If you like poetry, but not necessarily fiction, then chances are good you'll dig the short fiction of Lynn K. Kilpatrick. It also helps if you have an affinity for kitchen knives.
A Salt Lake City talent who grew up in Idaho and Iowa, Kilpatrick revels in short, almost epigrammatic paragraphs and sentences that look small on the page, but pack a wallop of narrative punch over multiple readings. Readers who prefer the short fiction of Chekov, rather than the more experimental Borges and Barthelme, might come to appreciate Kilpatrick's unique voice: dark, brooding but playful, it snaps back at you when you least expect it.
Kilpatrick studied poetry at Western Washington University in Bellingham, Wash., prior to her arrival at the University of Utah. Finishing her PhD in English and fiction writing in 2004, she now teaches composition and literature at Salt Lake Community College.
"When I first started as a writer, I was more interested in journalism," Kilpatrick said. "I really liked Hemingway's style, even if I didn't like his subjects. Nowadays, the people I admire are mystery writers like Raymond Chandler and the Icelandic mysteries of Arnaldur Indriðason. Finding writers with a command of both language and plot is really difficult."
Why did you switch from poetry to fiction?
I got to a point with poetry that it wasn't doing what I wanted it to do, even if my approach to fiction is informed by poetry. The way my brain works is more narrative than lyric. It's the implicitness or implying of things that's informed my fiction. Blending the two helped me do what I wanted to do. That's why my stories are really short, and not concerned with motivation or back story the way a lot of fiction is. They're more concerned about the language and the present moment. For me, it's a way of exploring story, to see what works. Also, getting rid of backstory and motivations means I don't like explanations. I want to trust the reader to understand that, if I imply something, they get it.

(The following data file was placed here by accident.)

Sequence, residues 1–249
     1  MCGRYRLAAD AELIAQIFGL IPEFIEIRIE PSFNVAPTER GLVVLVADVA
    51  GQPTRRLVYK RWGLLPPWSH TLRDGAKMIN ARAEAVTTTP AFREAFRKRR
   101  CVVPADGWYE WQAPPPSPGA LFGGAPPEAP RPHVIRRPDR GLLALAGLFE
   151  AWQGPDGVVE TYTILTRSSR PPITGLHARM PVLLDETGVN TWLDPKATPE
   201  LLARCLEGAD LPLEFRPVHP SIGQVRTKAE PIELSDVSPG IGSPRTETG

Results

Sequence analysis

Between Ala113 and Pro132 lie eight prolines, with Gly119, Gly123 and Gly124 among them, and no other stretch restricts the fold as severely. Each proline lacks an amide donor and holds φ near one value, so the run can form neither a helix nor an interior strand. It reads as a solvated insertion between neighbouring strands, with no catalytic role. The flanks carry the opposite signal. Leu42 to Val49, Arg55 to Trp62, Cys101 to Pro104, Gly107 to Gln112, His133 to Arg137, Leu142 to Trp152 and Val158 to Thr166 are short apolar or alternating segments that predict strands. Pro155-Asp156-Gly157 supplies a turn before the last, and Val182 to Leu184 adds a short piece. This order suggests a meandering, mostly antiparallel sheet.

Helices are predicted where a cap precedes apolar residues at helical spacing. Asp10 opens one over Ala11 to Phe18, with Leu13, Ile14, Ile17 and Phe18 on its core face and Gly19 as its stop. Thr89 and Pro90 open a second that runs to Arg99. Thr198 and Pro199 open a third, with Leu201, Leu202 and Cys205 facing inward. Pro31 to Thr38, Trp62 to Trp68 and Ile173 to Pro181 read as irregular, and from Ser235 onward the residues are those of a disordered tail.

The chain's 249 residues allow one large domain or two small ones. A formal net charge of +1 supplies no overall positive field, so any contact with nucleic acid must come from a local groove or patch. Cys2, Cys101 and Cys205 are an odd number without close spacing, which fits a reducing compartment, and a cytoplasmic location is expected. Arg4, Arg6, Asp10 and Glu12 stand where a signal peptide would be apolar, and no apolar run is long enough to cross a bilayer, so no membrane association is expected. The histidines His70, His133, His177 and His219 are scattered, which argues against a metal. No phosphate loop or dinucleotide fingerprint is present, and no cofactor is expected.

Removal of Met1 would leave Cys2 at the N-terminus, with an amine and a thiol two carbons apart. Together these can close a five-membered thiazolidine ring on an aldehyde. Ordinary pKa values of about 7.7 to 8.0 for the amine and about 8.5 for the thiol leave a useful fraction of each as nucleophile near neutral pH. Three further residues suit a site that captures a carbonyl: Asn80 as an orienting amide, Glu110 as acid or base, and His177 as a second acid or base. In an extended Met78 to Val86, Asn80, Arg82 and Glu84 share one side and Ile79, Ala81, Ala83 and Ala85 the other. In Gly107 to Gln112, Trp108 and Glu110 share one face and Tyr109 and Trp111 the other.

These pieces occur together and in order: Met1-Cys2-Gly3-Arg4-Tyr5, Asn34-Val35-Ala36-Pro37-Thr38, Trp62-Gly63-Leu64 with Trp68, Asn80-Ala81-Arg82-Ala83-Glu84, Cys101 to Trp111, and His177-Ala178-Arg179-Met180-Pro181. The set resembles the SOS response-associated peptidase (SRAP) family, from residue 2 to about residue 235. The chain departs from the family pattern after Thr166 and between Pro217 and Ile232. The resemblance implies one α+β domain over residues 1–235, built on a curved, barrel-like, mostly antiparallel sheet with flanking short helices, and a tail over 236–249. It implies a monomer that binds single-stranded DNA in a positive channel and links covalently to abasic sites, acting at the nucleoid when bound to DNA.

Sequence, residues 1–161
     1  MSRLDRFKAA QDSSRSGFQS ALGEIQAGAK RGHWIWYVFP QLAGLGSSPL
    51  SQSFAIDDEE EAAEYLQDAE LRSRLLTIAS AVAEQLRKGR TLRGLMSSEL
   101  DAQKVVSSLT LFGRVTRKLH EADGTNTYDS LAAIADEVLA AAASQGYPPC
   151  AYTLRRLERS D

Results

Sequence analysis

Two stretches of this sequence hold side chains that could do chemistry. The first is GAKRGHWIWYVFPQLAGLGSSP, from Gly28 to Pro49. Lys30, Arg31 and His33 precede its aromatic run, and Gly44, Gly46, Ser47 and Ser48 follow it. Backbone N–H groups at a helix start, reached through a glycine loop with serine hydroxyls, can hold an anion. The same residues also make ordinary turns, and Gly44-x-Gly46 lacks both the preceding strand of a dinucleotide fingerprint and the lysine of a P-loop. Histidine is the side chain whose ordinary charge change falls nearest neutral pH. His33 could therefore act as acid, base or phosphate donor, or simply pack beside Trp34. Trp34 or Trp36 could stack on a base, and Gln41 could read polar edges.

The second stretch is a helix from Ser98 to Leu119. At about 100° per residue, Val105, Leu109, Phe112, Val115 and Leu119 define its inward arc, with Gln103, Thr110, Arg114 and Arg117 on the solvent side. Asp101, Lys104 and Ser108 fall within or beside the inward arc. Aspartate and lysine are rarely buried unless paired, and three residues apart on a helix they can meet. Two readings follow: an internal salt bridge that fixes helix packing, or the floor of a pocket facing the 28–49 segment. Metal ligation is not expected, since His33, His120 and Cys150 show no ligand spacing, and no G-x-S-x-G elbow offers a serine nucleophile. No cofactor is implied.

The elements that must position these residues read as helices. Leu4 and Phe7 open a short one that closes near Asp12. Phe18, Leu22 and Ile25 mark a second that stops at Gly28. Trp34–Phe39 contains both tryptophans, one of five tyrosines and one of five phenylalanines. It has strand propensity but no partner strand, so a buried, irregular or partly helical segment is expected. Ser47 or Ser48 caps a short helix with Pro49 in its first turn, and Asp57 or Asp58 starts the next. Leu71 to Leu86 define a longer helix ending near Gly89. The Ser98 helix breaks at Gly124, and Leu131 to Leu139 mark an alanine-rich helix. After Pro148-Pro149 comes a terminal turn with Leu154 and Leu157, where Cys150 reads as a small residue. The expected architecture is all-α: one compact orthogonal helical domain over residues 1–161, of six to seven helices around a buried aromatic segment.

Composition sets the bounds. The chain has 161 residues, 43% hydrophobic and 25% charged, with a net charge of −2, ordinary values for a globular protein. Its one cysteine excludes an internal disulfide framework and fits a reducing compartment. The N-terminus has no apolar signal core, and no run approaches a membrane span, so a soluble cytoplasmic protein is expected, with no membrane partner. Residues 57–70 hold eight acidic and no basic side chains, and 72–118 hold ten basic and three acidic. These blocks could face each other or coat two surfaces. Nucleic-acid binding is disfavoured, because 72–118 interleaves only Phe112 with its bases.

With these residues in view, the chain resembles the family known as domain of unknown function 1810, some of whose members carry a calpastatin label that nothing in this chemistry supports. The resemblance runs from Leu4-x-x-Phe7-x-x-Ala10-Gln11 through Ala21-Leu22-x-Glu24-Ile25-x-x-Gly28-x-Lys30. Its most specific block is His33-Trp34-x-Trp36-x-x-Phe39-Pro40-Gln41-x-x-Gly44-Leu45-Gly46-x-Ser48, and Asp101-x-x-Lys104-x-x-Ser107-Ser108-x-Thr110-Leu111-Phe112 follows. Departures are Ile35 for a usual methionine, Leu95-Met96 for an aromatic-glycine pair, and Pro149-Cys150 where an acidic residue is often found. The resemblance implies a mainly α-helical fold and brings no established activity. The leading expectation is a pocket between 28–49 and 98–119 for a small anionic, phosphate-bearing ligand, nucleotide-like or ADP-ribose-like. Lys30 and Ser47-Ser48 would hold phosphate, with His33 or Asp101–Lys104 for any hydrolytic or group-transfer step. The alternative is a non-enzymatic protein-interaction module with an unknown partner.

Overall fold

Your first story, which also makes the title of your book, contains a curious hint at the origins of identity. Especially in the sentence, 'She becomes an
become her, who knows really? '
We have these very rigid notions of identity in our culture. But one of the things that's attractive about reading is losing yourself in the story. I'm also interested in how sympathy works in the world. Do we identify with this character? Do we become her? In one way, that's one of the most basic elements of reading. We can all remember times when we lose ourselves in a book. For a while we cease being ourselves, and we at least get to experience that. Even in some of my more straightforward stories I'm interested in structure, and how the form of the story dictates our experience of it. It's about the structure of the house, but also the structure of narrative and how those two things inform each other. In canonical literature there's also a long legacy of women entrapped in homes and relationships. I'm interested in how they're trapped not just in homes, but also in narrative. I'm trying to update that idea, and call it into question.
There are a lot of kitchen knives in this book.
A friend remarked on that after I finished the book. There's something comforting and threatening about the domestic and domestic objects. The knife is a weapon, and also a tool. It's just there when you enter a home, and it's probably the most threatening aspect of the domestic. If you're a woman, you're most likely to be subject to violence by someone you know inside the home.
Your stories read like bite-size pieces of dread and apprehension circling the orbit of personal relationships. Do you get annoyed when you hear public figures talk about the sanctity or primacy of the family?
A lot of times it's not the sense that they're talking about the sanctity of something, but they miss the total picture of what really goes on. There needs to be a more complete representation of what's going on. That's what these different fictions represent.
These are dark works. Do you believe human intimacy is possible?
I'm not a complete pessimist. There's obviously a certain necessity for private space. 'The Infinite Cages' is a story about the extreme of that. But there are more moderate examples of how we hide from each other so we don't have to interact. Of course intimacy is possible, but most happy people are all alike. It's really conflict that makes interesting fiction. There's always something uncomfortable when you encounter another person. It calls into question your own identity. I'm not just interested in who people are individually, but also when they come into contact with other unstable identities.
When » April 29, 7 p.m.
Where » The King's English Bookshop, 1511 South 1500 East, Salt Lake City
Info » Free. Call 801-633-0936 for more information, or visit http://www.kingsenglish.com